The progress of epidemiology depends on advances in epidemiologic methods and in research findings. For both, new technologies are highly important. It is, for example, difficult to understand the strong growth in epidemiologic data-analysis without the emergence of the computer, or of molecular and genetic epidemiology without major advances in molecular technology. The purpose of this editorial is to invite articles on the new technologies that are likely to play a crucial role in the further development of epidemiology and of epidemiologic research.

For the practice of epidemiology and its methods, we already see the first glimpses of introduction of modern information technology [19]. We have witnessed the application of new technology in the remarkable explosion of genome-wide association studies (GWAs) of various diseases [1027] and traits [2839]. We also see the first results of new imaging studies and the emergence of the exceedingly important field of population imaging [26, 4047].

The new array technologies used in GWAs have led to interesting changes in the way epidemiologic research is conceived and performed. The “hypothesis free” approach in the GWAs, i.e. approach without use of prior knowledge, has been considerably more productive than the candidate gene approach. This is sobering for those of us who have an optimistic view on what we know, and has led to the boutade that “most recent findings are false” [48]. The GWAs have also led to large-scale collaborations in epidemiology in a form and quantity that we had not witnessed before, although it remains to be seen whether this is a lasting phenomenon [10, 49].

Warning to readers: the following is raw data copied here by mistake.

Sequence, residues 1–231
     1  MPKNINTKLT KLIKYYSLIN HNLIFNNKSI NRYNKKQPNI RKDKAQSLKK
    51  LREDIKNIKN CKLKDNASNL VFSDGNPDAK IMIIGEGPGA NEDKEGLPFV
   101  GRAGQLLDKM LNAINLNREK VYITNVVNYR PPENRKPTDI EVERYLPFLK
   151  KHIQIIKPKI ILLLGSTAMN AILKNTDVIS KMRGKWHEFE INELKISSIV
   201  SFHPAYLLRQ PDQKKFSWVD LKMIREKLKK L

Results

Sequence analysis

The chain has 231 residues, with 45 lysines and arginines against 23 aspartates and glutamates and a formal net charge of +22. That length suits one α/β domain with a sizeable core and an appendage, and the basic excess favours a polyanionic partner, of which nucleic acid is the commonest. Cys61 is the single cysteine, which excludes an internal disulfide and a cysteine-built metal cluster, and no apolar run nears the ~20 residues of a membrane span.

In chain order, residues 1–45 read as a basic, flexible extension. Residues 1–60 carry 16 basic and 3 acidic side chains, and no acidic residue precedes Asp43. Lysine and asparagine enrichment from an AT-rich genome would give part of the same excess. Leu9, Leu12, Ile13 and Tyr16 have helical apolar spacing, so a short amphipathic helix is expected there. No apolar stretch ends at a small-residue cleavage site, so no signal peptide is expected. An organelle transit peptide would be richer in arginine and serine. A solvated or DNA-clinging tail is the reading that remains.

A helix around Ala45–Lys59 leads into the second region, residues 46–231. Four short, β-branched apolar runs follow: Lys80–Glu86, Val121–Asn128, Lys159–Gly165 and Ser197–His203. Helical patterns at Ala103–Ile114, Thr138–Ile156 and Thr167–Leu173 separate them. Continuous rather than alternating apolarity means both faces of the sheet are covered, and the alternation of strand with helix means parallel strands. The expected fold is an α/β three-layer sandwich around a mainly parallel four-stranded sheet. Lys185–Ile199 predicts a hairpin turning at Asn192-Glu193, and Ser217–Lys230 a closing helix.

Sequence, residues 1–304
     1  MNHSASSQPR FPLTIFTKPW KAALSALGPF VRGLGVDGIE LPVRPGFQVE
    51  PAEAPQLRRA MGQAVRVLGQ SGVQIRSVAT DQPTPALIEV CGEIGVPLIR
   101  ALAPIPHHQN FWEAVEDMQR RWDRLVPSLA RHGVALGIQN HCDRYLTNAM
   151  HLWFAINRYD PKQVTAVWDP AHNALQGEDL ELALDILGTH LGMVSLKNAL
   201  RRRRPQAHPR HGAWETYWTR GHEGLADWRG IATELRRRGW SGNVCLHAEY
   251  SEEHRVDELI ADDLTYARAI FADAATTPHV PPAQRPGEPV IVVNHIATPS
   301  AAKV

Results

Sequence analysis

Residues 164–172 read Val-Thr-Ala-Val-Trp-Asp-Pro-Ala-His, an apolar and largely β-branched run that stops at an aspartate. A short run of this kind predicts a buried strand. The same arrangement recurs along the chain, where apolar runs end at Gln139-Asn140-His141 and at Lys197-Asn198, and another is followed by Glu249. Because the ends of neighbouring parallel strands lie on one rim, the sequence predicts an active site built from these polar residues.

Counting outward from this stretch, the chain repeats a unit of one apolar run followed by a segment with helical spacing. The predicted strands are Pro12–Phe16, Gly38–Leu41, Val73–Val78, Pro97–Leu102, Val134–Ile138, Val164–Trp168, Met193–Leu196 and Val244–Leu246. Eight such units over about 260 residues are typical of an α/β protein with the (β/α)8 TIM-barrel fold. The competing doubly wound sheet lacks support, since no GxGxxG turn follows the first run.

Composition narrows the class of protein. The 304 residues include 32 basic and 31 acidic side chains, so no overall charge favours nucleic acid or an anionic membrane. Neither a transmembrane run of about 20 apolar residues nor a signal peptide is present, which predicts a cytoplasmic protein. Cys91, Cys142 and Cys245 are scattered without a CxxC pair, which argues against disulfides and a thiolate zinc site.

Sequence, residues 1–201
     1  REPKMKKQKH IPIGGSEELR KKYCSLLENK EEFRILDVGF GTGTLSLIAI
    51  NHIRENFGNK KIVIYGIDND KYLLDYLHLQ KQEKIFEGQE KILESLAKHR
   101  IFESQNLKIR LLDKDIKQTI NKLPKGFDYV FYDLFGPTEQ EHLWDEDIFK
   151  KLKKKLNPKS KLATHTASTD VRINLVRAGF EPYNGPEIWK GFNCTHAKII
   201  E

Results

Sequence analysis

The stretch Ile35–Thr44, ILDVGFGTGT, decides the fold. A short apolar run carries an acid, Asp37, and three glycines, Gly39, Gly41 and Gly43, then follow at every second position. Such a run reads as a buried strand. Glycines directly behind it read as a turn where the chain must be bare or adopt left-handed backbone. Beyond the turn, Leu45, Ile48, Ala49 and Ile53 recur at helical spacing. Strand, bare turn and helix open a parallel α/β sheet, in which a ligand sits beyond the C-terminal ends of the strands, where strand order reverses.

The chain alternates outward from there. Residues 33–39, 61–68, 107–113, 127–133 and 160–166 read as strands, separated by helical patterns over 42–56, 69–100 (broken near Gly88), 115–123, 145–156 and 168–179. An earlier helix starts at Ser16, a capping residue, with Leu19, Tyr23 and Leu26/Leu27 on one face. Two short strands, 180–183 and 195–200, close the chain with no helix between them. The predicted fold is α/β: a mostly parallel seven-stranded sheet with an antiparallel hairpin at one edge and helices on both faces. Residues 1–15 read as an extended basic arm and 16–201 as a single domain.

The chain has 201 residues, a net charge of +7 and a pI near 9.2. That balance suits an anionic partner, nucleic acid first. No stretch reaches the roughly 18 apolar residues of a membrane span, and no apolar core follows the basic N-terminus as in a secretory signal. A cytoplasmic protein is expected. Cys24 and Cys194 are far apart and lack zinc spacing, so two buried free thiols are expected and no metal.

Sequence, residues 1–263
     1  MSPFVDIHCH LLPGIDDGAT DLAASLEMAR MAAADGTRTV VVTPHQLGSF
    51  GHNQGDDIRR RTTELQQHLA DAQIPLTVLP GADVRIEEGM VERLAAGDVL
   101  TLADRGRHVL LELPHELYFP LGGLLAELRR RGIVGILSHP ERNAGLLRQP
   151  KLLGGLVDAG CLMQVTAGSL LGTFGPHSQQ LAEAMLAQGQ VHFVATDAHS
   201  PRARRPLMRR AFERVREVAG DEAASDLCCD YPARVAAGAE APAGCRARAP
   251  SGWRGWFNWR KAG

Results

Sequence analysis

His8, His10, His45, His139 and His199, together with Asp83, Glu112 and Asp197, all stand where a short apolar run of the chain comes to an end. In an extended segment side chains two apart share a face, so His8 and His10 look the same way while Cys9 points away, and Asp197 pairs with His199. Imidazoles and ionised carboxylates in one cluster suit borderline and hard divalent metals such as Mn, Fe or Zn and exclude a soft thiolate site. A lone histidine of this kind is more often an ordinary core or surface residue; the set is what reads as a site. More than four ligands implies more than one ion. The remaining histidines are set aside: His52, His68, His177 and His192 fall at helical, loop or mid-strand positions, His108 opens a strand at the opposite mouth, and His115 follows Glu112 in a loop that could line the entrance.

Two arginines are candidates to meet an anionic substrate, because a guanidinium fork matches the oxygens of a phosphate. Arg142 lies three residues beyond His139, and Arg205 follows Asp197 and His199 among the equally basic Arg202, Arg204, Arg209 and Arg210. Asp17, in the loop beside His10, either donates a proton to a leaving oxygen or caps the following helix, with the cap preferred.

The new imaging techniques that are currently applied in population studies are likely to be the beginning of an avalanche in epidemiologic studies of many diseases. These imaging techniques enable epidemiologists to study disease at an earlier stage than when a clinical diagnosis can be made, allow for objective assessment of the disease or trait, and make repeated assessment possible. These features are likely to be very advantageous, in particular for etiologic epidemiologic research [5078].

The European Journal of Epidemiology publishes quite frequently descriptions of new studies and presents also occasionally updates of these studies’ objectives and design [3, 40, 41, 7989]. We invite in particular new studies that make use of new technologies and we will also certainly consider manuscripts on the technical details of these technologies that are applied in epidemiologic research [9092].